Here is a different take that resonates for me:
I have seen it argued that both Germany and Japan* were strategically weak. Both lacked natural resources and needed access to those from elsewhere to maintain their war machines.
In the case of Japan that required secure supply lines from the East Indies, which their naval losses and strategic myopia denied them.
Germany needed to conquer territories that would secure those resources.
By contrast the allies were resource rich. Command of the seas gave access to resources from across the globe. Japan challenged US command of the Pacific for only a very short time frame. German U Boats did cause the Allies difficulties in the Atlantic for a longer period of course, but denying global resources to the UK is not the same as denying them to the USA, let alone gaining them for Germany.
Axis supremacy needed victory after victory in the face superior Allied production and manpower. The Allies only needed to deny them a sufficient proportion of those victories.
Of course, those that faced the Axis onslaught did not perceive any such “inevitable” Allied victory. And for a time those victories did keep coming …
*I include Japan in this answer because one of the reasons why Germany lost WW2 is that Japan never diverted enough allied resources away from the European theatre.
I agree with this, but that may not even fully capture all the reasons Germany lost. In terms of just pure industrial production capacity Germany could not compete against the US, especially with the latter protected by its isolation from bombing. I recently read an interesting book, Death Ride, that made much of Germany’s failure to develop long-range bombers, and with much of the USSR’s industry moved well East of Moscow Germany could not bomb it. Göring apparently preferred lots of little short-range bombers to fewer and larger long-range bombers. It also made much of the Germans’ decision to divert part of its Eastern Front ground forces to Italy leaving them under-supplied and outnumbered in Operation Citadel. The near-impossibility of maintaining distant supply lines, despite Göring’s assurances that he could make up for it, have been discussed to death.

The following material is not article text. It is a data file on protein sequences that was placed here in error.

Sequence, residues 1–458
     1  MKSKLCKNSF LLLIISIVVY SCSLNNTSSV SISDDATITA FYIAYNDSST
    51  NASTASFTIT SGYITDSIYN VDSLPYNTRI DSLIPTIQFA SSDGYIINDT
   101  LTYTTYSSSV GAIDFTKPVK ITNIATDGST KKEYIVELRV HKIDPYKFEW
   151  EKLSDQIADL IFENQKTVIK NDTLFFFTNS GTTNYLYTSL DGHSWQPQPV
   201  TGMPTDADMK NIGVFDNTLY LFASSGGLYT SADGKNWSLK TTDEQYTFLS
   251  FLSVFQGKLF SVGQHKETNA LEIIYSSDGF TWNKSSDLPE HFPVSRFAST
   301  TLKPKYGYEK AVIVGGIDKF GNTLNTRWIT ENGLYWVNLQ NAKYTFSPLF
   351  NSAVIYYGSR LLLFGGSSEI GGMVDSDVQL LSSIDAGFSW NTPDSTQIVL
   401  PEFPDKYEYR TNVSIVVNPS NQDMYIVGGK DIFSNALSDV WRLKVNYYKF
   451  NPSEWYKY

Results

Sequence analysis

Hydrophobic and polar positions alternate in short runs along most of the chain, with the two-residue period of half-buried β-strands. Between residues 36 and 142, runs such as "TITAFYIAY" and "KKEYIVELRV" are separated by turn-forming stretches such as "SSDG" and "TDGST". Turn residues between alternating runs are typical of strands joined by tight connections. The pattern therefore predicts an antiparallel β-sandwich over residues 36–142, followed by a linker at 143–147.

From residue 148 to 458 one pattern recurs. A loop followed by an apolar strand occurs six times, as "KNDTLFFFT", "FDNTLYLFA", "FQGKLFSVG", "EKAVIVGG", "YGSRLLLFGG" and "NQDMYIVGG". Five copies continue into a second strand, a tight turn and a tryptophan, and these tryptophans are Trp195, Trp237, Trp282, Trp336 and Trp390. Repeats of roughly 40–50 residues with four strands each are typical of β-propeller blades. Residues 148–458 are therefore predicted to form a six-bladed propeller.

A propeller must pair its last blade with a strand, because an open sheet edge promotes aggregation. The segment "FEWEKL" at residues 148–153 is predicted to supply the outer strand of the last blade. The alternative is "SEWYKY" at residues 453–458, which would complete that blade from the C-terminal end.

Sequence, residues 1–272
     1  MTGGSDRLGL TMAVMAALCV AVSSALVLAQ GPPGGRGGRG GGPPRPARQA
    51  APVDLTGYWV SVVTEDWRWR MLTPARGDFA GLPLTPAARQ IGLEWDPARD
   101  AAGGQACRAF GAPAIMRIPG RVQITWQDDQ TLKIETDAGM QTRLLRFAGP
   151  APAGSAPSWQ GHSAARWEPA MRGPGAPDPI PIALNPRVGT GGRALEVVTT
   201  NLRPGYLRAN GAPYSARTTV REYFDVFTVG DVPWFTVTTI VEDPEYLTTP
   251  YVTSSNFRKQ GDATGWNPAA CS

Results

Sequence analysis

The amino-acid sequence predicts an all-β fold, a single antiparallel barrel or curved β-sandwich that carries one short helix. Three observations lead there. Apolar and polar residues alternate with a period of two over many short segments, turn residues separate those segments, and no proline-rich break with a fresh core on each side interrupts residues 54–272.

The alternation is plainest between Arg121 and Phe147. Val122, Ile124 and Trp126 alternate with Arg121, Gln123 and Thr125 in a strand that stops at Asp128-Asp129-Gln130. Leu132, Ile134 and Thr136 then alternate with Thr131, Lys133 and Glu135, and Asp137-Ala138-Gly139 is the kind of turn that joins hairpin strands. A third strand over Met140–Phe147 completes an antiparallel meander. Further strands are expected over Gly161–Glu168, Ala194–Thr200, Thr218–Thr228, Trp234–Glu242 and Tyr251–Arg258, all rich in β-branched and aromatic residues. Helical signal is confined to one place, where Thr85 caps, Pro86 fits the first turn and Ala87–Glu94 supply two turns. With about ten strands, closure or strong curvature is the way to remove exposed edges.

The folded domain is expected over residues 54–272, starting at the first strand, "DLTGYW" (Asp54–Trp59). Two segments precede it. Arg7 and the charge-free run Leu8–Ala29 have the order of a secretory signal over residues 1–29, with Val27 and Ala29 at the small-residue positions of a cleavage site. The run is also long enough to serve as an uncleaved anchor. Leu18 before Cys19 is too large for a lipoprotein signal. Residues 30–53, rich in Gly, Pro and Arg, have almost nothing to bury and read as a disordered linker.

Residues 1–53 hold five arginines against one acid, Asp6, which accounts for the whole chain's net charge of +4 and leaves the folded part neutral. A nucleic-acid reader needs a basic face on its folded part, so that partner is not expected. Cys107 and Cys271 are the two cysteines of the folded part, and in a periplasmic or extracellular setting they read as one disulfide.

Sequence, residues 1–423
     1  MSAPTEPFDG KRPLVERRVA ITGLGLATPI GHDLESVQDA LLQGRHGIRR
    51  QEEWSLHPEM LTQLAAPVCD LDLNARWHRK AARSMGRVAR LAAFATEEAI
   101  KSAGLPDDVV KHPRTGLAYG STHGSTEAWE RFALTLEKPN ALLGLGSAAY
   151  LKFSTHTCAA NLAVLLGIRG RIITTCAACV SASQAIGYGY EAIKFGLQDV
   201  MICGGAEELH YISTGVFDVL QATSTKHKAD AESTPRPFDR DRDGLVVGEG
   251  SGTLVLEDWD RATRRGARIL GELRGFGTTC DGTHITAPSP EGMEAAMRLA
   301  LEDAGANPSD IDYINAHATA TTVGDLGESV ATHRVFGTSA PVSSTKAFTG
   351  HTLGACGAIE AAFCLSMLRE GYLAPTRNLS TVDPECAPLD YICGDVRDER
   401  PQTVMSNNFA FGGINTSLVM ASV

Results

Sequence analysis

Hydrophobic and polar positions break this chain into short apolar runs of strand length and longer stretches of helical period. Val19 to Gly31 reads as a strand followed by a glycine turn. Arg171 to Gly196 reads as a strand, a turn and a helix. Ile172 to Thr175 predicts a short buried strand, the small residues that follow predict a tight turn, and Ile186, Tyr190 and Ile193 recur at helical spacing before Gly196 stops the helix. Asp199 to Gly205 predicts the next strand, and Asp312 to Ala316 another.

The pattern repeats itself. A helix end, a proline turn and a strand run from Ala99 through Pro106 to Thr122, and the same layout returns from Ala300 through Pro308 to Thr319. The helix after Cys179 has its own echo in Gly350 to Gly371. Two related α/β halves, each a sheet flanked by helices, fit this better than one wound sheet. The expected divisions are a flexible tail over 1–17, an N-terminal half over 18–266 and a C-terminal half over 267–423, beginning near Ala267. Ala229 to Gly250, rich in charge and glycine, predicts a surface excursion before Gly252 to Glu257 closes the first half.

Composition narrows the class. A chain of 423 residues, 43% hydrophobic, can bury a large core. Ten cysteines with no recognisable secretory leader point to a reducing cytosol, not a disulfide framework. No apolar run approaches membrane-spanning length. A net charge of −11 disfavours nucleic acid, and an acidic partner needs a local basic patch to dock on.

All-in-all, I think the reasons are so many that in retrospect it would have taken a near-miraculous perfect storm of events for Gemany to have emerged victorious.